7 Most Picturesque Spits Around the World

  • NEHA KAPOOR
  • Sep 15, 2015
  • 3.3K Views
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Time for some Cartography! The study of maps would have introduced you to the terrain of the spits- a narrow point of land extending into a body of water. Its a mass of land whose end is attached to the mainland and the other is out in open water. A spit usually forms when waves meet the beach at an oblique angle, moving sediment down the beach and into the open waters where it is deposited in a narrow strip. As a spit grows, it might become stable and fertile and even support habitation. Nature expresses itself in different manifestations, occurrences and reflections. There is definitely more to nature than just the beaches, mountains and trails that usually excite the travelers imagination. We present you with atleast 7 spits around the world that shall strike you as spectacular and enticing.

1. Farewell Spit, New Zealand

Image Source: Wikimedia Commons

Located at the northern end of the South Island of New Zealand, the Farewell Spit runs eastwards from Cape Farewell, the island's northernmost point. Farewell spit is the longest sandspit in New Zealand that stretches for about 26 km above sea level and another 6 km underwater. This spit looks spectacular as it is made from fine golden sand and if you have an aerial view, the spit is large enough to have its own sand dunes.

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2. Dungeness Spit, Washington, USA

Image Source: Wikimedia Commons

Jutting out from the northern edge of the Olympic Peninsula in northeastern Clallam, near Washington D.C, this spit encloses a body of water called Dungeness Bay. It is the longest natural sand spit in the United States. A place for adventurous tourism, here the visitors are allowed to hike all the way to the tip, where the lighthouse has been keeping guard since 1857.

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3. Homer Spit, Alaska

Image Source: Wikimedia Commons

Located in Homer, Alaska, on the southern tip of the Kenai Peninsula, this spit emerges out of Kachemak Bay for 7.2 km. The spit is home to the Homer Boat Harbor that serves up to 1,500 commercial and pleasure boats at its summer peak. Although the spit was earlier inhabited only by the natives who probably camped out here, a more permanent habitation grew up much later with the arrival of Americans. Today, this spit is home to several attractions such as The Nick Dudiak Fishing Lagoon, which is an artificial "fishing hole", campgrounds, hotels, and restaurants and the Salty Dawg Saloon, which is constructed out of several historic buildings from Homer. The Spit features the longest road into ocean waters in the entire world, taking up 1015 minutes to cover by car.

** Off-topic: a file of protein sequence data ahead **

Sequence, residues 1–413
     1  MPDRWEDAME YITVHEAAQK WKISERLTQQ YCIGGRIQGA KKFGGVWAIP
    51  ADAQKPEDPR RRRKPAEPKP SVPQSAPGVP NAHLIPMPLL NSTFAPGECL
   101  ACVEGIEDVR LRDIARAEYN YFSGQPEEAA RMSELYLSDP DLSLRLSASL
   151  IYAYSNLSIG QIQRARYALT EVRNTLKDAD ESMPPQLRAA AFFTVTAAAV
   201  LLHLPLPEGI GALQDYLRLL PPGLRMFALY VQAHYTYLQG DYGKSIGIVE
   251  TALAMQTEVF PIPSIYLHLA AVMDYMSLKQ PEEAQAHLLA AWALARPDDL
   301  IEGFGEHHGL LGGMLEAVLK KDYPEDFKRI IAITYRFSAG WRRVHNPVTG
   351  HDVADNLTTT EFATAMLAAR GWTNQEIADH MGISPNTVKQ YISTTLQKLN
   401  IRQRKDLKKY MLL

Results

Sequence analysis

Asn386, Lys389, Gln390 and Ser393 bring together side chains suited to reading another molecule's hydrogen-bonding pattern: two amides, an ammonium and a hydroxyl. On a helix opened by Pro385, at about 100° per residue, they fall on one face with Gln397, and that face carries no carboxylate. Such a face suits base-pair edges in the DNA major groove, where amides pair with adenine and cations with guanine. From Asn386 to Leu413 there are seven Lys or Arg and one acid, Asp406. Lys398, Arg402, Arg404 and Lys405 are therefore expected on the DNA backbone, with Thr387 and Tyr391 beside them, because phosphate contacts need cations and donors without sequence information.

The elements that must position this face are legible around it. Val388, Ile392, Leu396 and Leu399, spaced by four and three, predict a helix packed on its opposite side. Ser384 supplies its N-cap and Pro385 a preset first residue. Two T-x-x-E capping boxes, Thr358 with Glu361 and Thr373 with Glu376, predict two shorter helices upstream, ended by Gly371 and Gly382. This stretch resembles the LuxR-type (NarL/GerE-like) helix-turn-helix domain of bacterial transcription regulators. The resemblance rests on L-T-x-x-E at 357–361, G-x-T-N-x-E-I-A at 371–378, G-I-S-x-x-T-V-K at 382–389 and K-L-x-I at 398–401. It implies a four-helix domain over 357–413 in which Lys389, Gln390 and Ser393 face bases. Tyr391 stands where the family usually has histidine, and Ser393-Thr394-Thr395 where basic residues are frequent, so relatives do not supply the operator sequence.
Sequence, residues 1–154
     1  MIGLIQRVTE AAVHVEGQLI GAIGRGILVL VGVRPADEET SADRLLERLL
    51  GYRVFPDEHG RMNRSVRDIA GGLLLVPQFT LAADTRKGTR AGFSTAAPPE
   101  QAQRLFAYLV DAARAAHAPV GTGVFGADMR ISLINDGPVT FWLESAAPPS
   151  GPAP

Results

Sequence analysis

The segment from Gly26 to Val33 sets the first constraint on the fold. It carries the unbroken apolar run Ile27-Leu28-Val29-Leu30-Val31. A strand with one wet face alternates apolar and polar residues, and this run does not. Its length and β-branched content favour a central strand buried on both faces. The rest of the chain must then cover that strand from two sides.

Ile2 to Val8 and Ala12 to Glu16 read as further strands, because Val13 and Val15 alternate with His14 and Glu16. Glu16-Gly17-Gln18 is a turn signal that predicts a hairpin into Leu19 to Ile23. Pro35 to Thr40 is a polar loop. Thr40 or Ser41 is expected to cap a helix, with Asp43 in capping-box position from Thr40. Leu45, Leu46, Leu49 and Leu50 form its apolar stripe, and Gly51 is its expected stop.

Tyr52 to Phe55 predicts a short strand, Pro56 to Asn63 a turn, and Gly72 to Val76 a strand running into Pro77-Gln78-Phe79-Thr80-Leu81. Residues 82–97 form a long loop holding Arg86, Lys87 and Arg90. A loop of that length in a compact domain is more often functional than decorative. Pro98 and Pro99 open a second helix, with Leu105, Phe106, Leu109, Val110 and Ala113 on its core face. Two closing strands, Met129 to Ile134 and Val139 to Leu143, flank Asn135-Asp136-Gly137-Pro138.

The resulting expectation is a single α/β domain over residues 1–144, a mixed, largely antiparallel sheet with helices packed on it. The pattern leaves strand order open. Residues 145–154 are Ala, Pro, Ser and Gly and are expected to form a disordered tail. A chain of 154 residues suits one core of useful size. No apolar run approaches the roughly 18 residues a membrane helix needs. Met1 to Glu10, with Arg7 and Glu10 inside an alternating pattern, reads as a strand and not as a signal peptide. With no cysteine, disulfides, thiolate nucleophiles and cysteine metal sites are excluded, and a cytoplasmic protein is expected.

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4. Arabat Spit, Azov

Image Source: Wikimedia Commons

The Arabat Spit is located in the western portion of the Sea of Azov in Russias Crimea region and is the longest spit in the world. Easily visible from orbit, the spit is 69.5 miles (112 km) long and varies in width from 885 feet (270m) to just under 5 miles (8 km). It may be large but the Arabat Spit is extremely young geologists estimate it formed less than 1,000 years ago due to the combination of accumulated sediments and falling sea levels.

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5. Curonian spit, Russia

Image Source: Nigel's Europe & beyond/flickr.com

The cartologists must have seen the maps of northern Germany and the Baltic states and would have noticed an odd land formation stretching in a delicate curve from the former East Prussia up to the Lithuanian coast. This is the Curonian Spit, a 60 mile (98 km) long sand spit formed when sediments driven inshore from the Baltic Sea collected on a residual glacial moraine. The Curonian spit assumed much of its current appearance and structure by around 3000 BCE.

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6. La Manga del Mar Menor, Spain

Image Source: Wikimedia Commons

La Manga del Mar Menor is a popular vacation  destination located near Cartagena in the province of Murcia in Spain. The spit is composed mainly of fine sand and runs for 15 miles (24 km) from the village of La Punta del Moj³n to Cabo de Palos). On one side of the spit lies Mar Menor, the largest sheltered saline lagoon in Europe; on the other side a complementary beach is washed by the Mediterranean Sea. In the Middle Ages, La Manga was a chain of small islands and Mar Menor was a bay of the Mediterranean. Since that time, sedimentation has caused the islands to solidify into long sand spit.

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7. Spurn Point, Britain

Image Source: Bryan Ledgard/flickr.com

Spurn Point is one of the most striking features of Britains coastline, stretching for three and a half miles across the Humber Estuary. It is one of the most fragile and unique environments in the whole of the UK.

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Hope you liked our exploration into the unique forms of nature. Do add to the list if you have further suggestions!

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ABOUT THE AUTHOR
NEHA KAPOOR NEHA KAPOOR

A lover of literature, Neha wants to understand world through the prism of books. Nuances of words, spoken or written, entice her to delve into the human psyche. A voracious reader of Partition and feminist literature, she desires to deconstruct and unlearn the congealed forms of knowledge system.

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